Wednesday, July 29, 2009

Jack Campisi's Brief History of the Brothertown Indian Nation, Part 1

I wasn't able to find a photo of Jack Campisi, retired history professor and author of the pamphlet I'm blogging about today. However, since Jack Campisi is a consultant for the Mashantucket Pequot Museum in Mashantucket, Connecticut, I thought it would be a good chance to let you see some photos of that museum. From all that I can tell, the Pequot's casino money has gone to good use in helping to educate the public about eastern Algonkians. (For full disclosure, I must admit that I've never been to that museum myself. Nevertheless, if you live in or near Connecticut, please check it out and tell me how you liked it.)

An aerial view of the Mashantucket Pequot Museum and Research Center in Mashantucket, Connecticut.

The Brothertown Indian Nation of Wisconsin, a Brief History, is a pamphlet written by Jack Campisi in 1991. It was given to me by Dick Welch, the tribe's official storyteller. Although the pamphlet is well-written, readable, and authoritative, it has only been distributed informally. What I mean by that is that you cannot purchase it at a bookstore, or through, nor can you ask your local librarian to get it for you as an interlibrary loan. You can get a copy of the pamphlet from the tribe, or by reading about it here on Algonkian Church History.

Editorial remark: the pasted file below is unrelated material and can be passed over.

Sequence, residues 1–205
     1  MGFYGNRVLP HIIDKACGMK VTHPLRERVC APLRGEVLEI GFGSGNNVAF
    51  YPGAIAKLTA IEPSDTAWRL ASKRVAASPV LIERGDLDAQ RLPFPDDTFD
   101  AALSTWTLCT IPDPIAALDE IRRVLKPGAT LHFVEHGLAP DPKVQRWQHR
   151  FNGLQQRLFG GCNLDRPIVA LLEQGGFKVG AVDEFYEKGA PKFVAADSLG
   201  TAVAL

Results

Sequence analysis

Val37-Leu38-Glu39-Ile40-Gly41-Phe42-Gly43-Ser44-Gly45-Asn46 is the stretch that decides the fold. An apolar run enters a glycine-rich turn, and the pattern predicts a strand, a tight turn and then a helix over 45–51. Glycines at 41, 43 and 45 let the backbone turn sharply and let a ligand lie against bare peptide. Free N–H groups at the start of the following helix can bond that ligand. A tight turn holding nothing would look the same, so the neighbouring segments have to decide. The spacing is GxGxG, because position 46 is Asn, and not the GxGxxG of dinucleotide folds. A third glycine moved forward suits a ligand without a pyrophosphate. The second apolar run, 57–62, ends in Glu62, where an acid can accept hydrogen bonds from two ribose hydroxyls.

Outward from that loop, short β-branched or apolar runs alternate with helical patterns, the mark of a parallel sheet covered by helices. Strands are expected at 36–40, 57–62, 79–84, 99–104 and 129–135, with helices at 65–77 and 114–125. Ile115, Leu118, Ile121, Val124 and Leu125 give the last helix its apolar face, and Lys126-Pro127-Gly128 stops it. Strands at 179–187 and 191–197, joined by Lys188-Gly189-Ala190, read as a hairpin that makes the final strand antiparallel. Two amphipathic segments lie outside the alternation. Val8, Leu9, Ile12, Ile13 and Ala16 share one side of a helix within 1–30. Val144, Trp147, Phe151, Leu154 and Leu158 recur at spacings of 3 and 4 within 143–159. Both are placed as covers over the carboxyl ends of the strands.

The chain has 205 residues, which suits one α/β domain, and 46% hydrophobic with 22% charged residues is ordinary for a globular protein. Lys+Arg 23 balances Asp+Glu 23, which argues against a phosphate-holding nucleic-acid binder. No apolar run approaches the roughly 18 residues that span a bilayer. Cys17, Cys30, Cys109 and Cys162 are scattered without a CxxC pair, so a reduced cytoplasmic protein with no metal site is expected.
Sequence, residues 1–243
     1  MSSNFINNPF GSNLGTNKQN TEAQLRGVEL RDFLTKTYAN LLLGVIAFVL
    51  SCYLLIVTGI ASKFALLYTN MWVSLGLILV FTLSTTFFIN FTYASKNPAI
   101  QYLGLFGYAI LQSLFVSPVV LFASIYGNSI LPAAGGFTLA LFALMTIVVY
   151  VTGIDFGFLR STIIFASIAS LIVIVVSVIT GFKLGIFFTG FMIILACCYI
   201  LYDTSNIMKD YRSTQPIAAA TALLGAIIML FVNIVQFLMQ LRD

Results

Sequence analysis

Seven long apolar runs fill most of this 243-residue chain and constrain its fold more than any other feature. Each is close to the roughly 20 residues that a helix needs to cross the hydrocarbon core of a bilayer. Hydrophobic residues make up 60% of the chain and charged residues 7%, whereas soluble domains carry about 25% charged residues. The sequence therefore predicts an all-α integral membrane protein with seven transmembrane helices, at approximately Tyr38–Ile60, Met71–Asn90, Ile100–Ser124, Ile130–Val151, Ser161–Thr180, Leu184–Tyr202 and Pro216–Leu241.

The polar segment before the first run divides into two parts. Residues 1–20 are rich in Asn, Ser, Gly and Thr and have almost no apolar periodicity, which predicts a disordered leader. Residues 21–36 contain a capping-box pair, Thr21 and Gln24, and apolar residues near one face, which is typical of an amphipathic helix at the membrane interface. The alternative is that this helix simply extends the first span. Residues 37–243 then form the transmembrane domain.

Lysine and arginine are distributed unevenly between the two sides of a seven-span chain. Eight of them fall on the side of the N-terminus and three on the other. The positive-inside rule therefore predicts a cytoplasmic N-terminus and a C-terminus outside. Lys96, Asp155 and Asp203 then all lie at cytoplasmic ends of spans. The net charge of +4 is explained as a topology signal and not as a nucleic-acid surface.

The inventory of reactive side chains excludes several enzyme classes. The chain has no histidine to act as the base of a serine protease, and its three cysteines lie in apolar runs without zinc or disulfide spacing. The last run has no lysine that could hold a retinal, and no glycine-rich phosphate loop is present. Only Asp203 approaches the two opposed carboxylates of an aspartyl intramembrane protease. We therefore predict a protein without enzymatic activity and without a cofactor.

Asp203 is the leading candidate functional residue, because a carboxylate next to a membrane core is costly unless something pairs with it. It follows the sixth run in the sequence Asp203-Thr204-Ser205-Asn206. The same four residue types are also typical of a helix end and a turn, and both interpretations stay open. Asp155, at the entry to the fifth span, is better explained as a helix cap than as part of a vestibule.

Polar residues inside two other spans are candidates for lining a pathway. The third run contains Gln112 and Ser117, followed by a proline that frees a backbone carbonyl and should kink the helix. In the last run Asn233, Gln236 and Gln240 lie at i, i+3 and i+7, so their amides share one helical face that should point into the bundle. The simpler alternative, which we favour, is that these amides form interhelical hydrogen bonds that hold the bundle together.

The Brothertown Nation, as you may know, was formed from the remnants of a number of Native communities. To make it simple, they were from tribes in present-day eastern Connecticut and western Rhode Island. According to Campisi, most of today's Brothertowns are descendants of the "Mohegan-Pequots." Campisi explains how the fur trade led to competition and eventually wars between various groups. The Pequots were nearly destroyed by the Pequot War of 1637 and most of their land was taken over by the English in its aftermath.

The Mohegans and Narragansetts faced similar problems with losing their land and losing their warriors in battle. Few Indians succeeeded in making the transition to an agricultural economy and the result was frustration and the "social pathologies" that go with it, alcoholism being one of them.

Details vary from tribe to tribe, but, from a more general standpoint, Campisi's early-contact history of the tribes that make up today's Brothertown Nation sure sounds a lot like the early-contact history of the Mohicans.


John Umland said...

We had a 1 year family membership to the MP museum awhile ago. It's really good. The walk through dioramas are very interesting. It's worth a couple trips.
God is good

Jeff Siemers said...

Thanks again John.
What did you like about it the most? (e.g. was there a specific walk-through diarama that was particularly compelling?

John Umland said...

There is a very large walk through full of mannequins and wetus, winter and summer as well as a stockade fort. Here is one snapshot of it.
It is fantastic.
God is good